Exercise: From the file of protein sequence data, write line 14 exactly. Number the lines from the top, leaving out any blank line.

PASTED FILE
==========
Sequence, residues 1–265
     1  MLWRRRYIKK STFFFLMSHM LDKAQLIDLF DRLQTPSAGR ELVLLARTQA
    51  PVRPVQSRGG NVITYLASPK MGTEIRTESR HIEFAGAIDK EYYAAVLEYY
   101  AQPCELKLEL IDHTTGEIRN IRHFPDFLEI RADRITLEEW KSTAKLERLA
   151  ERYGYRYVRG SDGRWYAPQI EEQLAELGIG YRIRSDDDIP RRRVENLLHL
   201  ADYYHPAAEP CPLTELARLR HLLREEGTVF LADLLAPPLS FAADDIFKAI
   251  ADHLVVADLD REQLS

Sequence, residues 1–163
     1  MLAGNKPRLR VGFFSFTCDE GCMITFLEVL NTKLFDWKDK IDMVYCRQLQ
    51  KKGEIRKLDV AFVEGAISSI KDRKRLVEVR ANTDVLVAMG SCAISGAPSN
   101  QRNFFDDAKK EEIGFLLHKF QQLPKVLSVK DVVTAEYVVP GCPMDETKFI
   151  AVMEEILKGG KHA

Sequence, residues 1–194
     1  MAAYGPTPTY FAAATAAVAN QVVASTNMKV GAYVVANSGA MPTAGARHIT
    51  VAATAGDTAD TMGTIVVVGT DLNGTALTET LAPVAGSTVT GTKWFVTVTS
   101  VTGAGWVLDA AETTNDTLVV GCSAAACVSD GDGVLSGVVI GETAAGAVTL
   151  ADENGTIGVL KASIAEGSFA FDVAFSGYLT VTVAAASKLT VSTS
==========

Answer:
     1  MAAYGPTPTY FAAATAAVAN QVVASTNMKV GAYVVANSGA MPTAGARHIT